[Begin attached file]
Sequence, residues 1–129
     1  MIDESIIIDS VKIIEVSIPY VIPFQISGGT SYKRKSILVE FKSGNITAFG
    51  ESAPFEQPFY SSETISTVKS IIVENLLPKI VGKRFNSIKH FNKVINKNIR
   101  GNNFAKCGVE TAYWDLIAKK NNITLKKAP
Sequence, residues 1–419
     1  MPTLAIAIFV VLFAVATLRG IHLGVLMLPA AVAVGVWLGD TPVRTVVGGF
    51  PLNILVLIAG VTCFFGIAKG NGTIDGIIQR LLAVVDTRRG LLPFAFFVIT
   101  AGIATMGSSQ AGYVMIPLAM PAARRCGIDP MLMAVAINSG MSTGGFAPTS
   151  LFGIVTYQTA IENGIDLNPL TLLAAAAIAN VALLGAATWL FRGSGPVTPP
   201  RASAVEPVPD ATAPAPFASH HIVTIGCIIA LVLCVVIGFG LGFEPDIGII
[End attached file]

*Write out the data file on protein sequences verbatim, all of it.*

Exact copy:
Sequence, residues 1–129
     1  MIDESIIIDS VKIIEVSIPY VIPFQISGGT SYKRKSILVE FKSGNITAFG
    51  ESAPFEQPFY SSETISTVKS IIVENLLPKI VGKRFNSIKH FNKVINKNIR
   101  GNNFAKCGVE TAYWDLIAKK NNITLKKAP
Sequence, residues 1–419
     1  MPTLAIAIFV VLFAVATLRG IHLGVLMLPA AVAVGVWLGD TPVRTVVGGF
    51  PLNILVLIAG VTCFFGIAKG NGTIDGIIQR LLAVVDTRRG LLPFAFFVIT
   101  AGIATMGSSQ AGYVMIPLAM PAARRCGIDP MLMAVAINSG MSTGGFAPTS
   151  LFGIVTYQTA IENGIDLNPL TLLAAAAIAN VALLGAATWL FRGSGPVTPP
   201  RASAVEPVPD ATAPAPFASH HIVTIGCIIA LVLCVVIGFG LGFEPDIGII